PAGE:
Dec 27, 2012 - The Associated PressState has fourth-fastest growth rate
LARAMIE -- Wyoming has 6,000 more new residents than it did a year ago, giving the Cowboy State the fourth-highest population growth rate in the country.
The State Economic Analysis division says the newcomers moved to Wyoming between July 2011 and July 2012.
Division senior economist Wenlin Liu said the migration is likely due to Wyoming's healthy job market, especially in the oil and gas industry. There are also more construction jobs because of a turnaround in the housing market.
The state's unemployment rate is about 5.4 percent, compared with 8 percent nationally.
The last U.S. Census in 2010 found that Wyoming's population grew 14 percent to reach 563,000 people.
Wolf hunt area closed
CHEYENNE -- A wolf hunt area northwest of Cody is closed now that hunters have killed the local limit of four wolves.
The Wyoming Game and Fish Department closed Hunt Area One on Wednesday.
Wyoming's first wolf hunting season since the federal government reintroduced wolves to the Yellowstone ecosystem in the 1990s is almost over. The season is scheduled to end Monday.
The statewide limit for the hunt season is 52 wolves. As of Wednesday, hunters had killed 40 wolves since the season began in October.
Man accused of threat on school
MISSOULA, Mont. -- Police say a 19-year-old Montana man has been arrested for making threats against a school in Gillette.
Missoula County Sheriff's Detective Jason Johnson says Erik Sven Wengren was arrested Friday and charged with disorderly conduct.
Johnson says Wengren made multiple threats on Facebook that he was going to the school to shoot people. He told people who responded to him on the website that he was not kidding.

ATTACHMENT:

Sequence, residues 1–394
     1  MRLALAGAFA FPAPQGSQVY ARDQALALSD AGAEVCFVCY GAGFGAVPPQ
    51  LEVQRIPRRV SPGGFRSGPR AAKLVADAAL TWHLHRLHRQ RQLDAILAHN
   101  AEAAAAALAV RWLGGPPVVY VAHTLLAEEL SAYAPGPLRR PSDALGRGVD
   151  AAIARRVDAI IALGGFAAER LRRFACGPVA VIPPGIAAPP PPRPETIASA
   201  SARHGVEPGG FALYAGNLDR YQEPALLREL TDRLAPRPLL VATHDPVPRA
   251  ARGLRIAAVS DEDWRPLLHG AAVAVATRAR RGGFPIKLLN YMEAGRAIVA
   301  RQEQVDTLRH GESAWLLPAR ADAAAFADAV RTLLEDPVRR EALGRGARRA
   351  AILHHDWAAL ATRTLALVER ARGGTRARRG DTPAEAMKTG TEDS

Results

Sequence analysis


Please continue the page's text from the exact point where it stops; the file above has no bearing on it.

However, Johnson says Wengren told sheriff's detectives that he was joking.
Wengren has a relative who attends the Wyoming school.
Wengren is scheduled to appear Thursday in Missoula Justice Court.
Pig farm draws complaints
CHEYENNE -- An undercover probe of a pig farm near Wheatland by the Humane Society of the United States has resulted in misdemeanor charges against nine former workers.
The Platte County Attorney's Office filed the charges in recent weeks. Officials are still attempting to serve some defendants.
The Humane Society last summer released what it said is an undercover video, shot in April, showing workers abusing pigs at Wyoming Premium Farms in Wheatland. The society also claimed animals at the farm were kept in what it called inhumane conditions.
"The Humane Society of the United States applauds the Wyoming Livestock Board and the Platte County Attorney's Office for their serious attention to cruelty to animals, including animals raised for food," said Adam Parascandola, director of animal cruelty response for the Humane Society.
Attempts to reach Platte County Attorney Eric Jones for comment were unsuccessful. His office said Wednesday he has a policy of not commenting on pending cases.
Livestock Board Director Leanne Correll was unavailable for comment, her office said Wednesday. The board investigated the complaint from the Humane Society.
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